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San Franciscans woke up Thursday morning breathing air as polluted as that in Beijing, a city known for its suffocating gray haze. 
Some people wore masks as they walked or rode their bikes to work—an uncommon sight in the Bay Area. 
"These fires are bringing Beijing to the Bay Area and are allowing us to see what they experience around the clock," says Richard Muller, a UC Berkeley professor of physics who co-founded the site Berkeley Earth, which tracks air quality around the globe with an interactive map. 
On the morning of Oct. 12, the amount of particulate matter in the area in some parts of San Francisco were in the 151-200 range on the air quality index, matching that in Beijing.
The Bay Area has been choking on wood smoke since Sunday night after wind-stoked fires broke in Napa and Sonoma counties. 
On Thursday morning, most of the Bay Area reached an "unhealthy level," prompting schools to keep students inside at recess and forcing some to close entirely.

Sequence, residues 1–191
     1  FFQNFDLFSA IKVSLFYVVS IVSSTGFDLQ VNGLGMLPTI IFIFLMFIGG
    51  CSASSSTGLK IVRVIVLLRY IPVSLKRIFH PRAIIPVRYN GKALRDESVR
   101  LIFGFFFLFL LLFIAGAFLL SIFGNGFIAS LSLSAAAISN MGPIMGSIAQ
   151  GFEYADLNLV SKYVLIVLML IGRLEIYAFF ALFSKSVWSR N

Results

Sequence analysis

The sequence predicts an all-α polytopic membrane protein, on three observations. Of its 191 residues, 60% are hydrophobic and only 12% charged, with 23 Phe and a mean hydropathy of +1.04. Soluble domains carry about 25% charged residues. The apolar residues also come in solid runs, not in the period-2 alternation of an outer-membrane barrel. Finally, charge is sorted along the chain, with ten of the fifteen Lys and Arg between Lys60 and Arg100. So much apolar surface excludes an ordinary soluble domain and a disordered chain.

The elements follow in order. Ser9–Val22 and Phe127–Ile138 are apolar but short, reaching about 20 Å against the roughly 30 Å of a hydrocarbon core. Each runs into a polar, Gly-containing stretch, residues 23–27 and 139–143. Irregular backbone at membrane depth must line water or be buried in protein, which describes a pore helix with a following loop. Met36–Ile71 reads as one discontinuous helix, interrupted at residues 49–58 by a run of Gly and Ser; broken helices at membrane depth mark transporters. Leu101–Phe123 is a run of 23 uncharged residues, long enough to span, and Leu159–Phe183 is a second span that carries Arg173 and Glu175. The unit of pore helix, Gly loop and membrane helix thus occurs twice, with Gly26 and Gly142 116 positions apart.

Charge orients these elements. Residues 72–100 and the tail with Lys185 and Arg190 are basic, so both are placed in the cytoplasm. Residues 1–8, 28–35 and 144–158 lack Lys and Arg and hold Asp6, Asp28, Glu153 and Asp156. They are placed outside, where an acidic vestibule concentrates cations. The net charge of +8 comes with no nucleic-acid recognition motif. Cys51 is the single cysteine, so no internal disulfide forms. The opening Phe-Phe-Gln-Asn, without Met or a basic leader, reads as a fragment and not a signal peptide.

"We're seeing the worst air quality ever recorded in many parts of the Bay Area," Flannigan told SFGATE earlier this week. "The entire Bay Area population is likely being affected by the smoke."
The movement of smoke is dependent on the weather, said Charles Bell, a forecaster with the National Weather Service. On Thursday morning, light winds from the north pushed smoke into the Bay Area. 
"By later today and going into today, the winds are going to die down so that will mean less of the smoke coming down," Bell says. "We might get a little bit of a break early Friday and then late Friday, the winds will pick up again and bring smoke down across the entire region."
Brian Garcia, also a meteorologist with NWS, agreed.
"We're going to see a really strong settling of the smoke in the Bay Area on Friday and Saturday," he said. "Not to mince words. It's going to be really bad. It's not going to be fun."
Muller says when he's looking at air quality around the world on his interactive map, the United States is usually mostly a green color, meaning the air is clean, whereas red is common in other parts of the globe where the the levels of airborne particulate matter are high. 
"Air quality is the greatest environmental catastrophe taking place in the world today," Muller says. "And we only notice it on days when a city in China sets a new record, but it's a daily occurrence.
"By published estimates, it's killing 4,400 people a day in China alone. People die prematurely in China every day and we pay no attention. The air quality in the Bay Area right now should alert us that this is real." 

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